|Salt shrub at Canarsie Pier, Gateway National Recreation Area
||Gregory J. Edinger
SubSystem: Estuarine Intertidal
State Rarity Rank:
Global Rarity Rank:
Did you know?
Salt shrub is perhaps one of the best communities to see the interaction of the landscape and tidal range. Large areas of salt shrub can be found where there are broad, gentle slopes intersecting the upper range of spring and storm tides. Where slopes of the marsh basin are steep and the intersection with the tidal range is narrow, salt shrub is condensed into a thin band (MacDonald and Edinger 2000).
|State Ranking Justification||
There are estimated to be between 20 and 50 occurrences statewide. The very few documented occurrences have good viability and are protected on public land. The community is restricted to sheltered areas of the seacoast in the Coastal Lowlands and Manhattan Hills ecozones. The current trend of the community is declining and the primary threat to this community is invasion by common reed (Phragmites australis). Secondary threats, common to all salt marsh complexes, include ditching and draining, dredging and filling, poor water quality, diking and impoundment, inlet stabilization, shoreline hardening, wrack accumulation, altered sediment budget, subsidence, changes in water circulation patterns, restricted tidal connection, and altered tidal hydrodynamics.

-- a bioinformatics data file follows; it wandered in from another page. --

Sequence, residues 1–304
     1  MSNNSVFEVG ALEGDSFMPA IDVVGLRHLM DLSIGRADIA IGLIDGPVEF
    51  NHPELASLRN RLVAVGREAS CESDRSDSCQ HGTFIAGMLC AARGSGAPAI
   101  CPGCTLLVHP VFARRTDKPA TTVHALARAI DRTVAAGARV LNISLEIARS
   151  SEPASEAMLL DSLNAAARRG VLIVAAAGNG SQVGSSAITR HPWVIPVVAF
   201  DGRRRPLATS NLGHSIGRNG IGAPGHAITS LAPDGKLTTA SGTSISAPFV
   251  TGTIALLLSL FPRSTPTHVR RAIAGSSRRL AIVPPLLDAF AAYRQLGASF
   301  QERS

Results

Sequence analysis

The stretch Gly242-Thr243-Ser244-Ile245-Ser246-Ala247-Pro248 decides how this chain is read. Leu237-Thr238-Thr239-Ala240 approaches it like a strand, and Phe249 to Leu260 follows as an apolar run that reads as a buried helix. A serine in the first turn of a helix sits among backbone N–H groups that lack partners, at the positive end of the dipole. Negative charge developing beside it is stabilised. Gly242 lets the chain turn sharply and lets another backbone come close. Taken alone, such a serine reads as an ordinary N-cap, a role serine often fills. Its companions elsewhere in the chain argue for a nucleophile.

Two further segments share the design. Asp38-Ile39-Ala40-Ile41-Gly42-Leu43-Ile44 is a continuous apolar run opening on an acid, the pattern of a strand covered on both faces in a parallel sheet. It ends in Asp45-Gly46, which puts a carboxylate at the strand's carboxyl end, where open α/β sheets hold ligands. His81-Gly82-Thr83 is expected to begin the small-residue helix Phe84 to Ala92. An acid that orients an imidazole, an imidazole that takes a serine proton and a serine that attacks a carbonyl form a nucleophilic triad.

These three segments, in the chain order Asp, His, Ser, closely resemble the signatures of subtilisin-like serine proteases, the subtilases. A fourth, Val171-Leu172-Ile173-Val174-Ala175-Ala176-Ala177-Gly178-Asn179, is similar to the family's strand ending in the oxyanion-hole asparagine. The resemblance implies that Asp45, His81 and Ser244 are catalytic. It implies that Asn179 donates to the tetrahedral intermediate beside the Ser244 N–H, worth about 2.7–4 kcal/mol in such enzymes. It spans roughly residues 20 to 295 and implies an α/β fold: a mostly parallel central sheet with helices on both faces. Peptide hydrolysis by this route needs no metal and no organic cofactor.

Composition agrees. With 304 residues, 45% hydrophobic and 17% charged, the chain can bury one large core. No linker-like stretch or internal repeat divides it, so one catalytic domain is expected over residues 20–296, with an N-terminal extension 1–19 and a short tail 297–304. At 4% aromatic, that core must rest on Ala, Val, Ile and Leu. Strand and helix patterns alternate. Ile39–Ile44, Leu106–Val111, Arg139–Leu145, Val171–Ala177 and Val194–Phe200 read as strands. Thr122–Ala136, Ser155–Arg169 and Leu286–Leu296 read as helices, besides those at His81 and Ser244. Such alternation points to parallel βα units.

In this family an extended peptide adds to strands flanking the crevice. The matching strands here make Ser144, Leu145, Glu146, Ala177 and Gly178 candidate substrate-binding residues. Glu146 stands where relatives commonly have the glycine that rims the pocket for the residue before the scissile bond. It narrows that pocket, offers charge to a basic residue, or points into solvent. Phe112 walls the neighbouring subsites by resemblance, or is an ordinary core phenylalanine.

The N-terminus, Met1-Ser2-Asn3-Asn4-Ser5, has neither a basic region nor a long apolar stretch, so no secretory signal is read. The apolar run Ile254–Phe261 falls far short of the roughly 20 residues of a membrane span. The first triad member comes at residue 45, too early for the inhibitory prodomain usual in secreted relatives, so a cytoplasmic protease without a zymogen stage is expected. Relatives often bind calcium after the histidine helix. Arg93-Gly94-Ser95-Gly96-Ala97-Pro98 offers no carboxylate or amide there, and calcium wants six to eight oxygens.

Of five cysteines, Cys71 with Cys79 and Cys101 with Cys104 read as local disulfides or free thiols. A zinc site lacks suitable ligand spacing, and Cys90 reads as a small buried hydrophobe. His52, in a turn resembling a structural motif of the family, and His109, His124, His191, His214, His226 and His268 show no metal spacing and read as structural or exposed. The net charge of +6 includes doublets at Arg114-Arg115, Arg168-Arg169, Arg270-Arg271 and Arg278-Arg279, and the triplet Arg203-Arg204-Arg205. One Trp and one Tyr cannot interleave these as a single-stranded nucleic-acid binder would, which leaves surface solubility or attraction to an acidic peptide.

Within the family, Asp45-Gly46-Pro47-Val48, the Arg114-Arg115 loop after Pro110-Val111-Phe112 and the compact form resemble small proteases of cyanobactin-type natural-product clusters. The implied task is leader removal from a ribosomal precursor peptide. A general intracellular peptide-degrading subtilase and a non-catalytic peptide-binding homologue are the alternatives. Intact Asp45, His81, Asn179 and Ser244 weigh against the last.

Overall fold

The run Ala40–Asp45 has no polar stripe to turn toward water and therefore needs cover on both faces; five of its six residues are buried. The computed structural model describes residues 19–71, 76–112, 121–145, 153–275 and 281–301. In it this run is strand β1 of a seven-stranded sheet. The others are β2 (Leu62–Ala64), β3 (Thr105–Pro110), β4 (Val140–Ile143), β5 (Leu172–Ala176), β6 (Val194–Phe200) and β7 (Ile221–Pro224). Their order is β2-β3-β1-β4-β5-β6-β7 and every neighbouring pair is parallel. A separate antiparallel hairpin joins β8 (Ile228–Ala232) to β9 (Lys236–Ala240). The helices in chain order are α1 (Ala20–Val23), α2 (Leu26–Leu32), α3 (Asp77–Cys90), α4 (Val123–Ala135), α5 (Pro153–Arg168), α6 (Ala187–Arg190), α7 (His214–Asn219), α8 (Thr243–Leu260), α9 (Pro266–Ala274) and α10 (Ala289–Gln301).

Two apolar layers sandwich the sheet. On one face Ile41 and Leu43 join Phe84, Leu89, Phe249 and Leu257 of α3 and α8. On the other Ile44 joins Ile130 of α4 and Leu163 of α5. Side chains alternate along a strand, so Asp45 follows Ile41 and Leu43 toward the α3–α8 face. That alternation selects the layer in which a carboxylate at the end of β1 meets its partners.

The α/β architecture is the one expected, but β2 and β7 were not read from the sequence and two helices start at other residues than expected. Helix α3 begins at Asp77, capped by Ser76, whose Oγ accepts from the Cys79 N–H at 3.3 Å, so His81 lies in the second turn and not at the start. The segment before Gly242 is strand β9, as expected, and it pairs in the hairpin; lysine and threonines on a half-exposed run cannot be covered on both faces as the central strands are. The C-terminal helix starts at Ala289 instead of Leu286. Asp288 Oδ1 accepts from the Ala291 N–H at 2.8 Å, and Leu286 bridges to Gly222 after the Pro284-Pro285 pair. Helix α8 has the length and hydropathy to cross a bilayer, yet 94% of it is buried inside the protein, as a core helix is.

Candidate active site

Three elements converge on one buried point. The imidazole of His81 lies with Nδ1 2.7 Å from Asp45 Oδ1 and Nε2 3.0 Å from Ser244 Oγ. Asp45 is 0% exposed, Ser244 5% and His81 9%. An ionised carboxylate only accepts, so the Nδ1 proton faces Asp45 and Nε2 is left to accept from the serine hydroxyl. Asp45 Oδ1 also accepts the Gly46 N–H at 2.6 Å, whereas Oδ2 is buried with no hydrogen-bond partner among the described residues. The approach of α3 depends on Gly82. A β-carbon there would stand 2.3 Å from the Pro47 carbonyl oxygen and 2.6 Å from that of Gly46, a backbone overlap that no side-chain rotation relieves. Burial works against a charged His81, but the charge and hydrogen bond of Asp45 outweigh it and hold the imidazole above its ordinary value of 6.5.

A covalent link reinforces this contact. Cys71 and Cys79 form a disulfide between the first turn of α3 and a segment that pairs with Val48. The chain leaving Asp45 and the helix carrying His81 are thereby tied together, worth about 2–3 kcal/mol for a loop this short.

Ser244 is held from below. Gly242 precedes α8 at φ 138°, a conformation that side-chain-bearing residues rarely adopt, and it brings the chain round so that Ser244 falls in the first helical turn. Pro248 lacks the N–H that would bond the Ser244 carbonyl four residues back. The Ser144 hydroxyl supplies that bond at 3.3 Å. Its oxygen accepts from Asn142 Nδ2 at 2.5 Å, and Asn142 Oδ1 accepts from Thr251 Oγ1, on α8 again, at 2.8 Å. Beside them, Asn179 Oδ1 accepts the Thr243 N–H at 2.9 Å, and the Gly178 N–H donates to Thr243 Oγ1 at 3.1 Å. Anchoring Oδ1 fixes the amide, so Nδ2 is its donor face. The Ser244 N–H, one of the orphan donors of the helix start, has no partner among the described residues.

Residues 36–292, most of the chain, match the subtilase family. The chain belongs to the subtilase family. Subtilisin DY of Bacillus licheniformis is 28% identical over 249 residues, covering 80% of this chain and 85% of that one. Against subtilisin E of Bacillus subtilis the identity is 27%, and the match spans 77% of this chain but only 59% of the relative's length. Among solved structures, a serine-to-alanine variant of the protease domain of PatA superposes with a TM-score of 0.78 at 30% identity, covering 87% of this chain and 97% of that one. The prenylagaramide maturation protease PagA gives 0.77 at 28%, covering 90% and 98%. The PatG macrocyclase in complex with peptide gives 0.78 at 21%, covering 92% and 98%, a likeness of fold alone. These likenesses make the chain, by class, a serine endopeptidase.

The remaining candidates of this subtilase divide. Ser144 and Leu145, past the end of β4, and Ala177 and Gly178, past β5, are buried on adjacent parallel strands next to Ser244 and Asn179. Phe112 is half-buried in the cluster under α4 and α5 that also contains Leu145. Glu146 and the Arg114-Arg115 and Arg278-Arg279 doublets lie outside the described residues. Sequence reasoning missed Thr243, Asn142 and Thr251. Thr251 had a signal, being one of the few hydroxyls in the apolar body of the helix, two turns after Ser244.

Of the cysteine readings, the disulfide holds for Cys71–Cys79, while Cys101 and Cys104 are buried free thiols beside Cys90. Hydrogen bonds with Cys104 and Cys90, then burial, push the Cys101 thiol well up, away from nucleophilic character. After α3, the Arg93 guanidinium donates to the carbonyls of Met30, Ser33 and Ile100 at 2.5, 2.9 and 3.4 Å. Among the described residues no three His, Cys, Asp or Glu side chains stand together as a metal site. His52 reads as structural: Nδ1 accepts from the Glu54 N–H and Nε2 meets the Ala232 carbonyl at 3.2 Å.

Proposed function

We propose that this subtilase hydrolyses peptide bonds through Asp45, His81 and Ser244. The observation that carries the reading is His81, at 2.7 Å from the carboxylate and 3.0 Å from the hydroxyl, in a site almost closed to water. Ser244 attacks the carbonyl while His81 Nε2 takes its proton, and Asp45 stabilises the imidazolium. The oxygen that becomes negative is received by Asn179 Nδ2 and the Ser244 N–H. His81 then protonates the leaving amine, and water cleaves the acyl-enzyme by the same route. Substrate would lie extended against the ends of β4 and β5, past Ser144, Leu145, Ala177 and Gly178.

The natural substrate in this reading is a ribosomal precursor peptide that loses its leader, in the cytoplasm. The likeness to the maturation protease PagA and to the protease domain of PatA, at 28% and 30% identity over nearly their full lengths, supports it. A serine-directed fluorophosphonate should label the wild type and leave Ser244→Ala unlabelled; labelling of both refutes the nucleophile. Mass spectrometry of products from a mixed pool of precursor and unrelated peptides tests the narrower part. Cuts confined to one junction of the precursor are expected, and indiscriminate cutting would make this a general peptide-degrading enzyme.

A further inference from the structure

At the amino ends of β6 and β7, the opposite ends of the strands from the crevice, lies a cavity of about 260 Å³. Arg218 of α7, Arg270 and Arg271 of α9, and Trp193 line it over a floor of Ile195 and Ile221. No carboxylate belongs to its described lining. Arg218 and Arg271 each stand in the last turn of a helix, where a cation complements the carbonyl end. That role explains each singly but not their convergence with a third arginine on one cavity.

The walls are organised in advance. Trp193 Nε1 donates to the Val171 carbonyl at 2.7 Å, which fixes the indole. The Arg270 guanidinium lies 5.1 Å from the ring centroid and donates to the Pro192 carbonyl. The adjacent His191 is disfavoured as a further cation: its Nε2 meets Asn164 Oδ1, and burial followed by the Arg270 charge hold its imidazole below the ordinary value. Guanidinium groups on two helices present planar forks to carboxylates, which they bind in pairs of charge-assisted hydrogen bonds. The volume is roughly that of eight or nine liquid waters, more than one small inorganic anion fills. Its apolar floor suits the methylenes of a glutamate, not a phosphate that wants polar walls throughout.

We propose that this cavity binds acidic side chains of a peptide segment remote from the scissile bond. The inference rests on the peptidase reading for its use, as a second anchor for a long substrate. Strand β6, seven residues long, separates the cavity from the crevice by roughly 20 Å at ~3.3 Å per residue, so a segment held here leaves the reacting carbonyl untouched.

In recent decades, the number, aerial extent, and quality of salt shrub (and salt marsh complexes) in New York has declined significantly. These losses are primarily due to invasion by common reed (Phragmites australis), dredging and filling for urban development, and to pollution, including airborne particulates, pesticides, and sewage and stormwater discharge. It is suspected that losses will continue, resulting from ongoing invasive species encroachment, shoreline development, declining water quality, and hydrologic alterations. The degradation and loss of salt shrub, which forms an upland buffer for lower elevation salt marsh communities, may have profound adverse effects on those tidal wetlands, causing increased sediment flow, altered ground water elevations and flow, loss of nutrient filtering vegetation, and loss of wildlife habitat for wetland edge species (MacDonald and Edinger 2000).
The number, aerial extent, and integrity of salt marsh complexes and associated salt shrub communities in New York are suspected to have declined substantially from their historical state. These declines are likely correlated with coastal development; dredging, ditching, and filling; and changes in hydrology, water quality, and natural processes.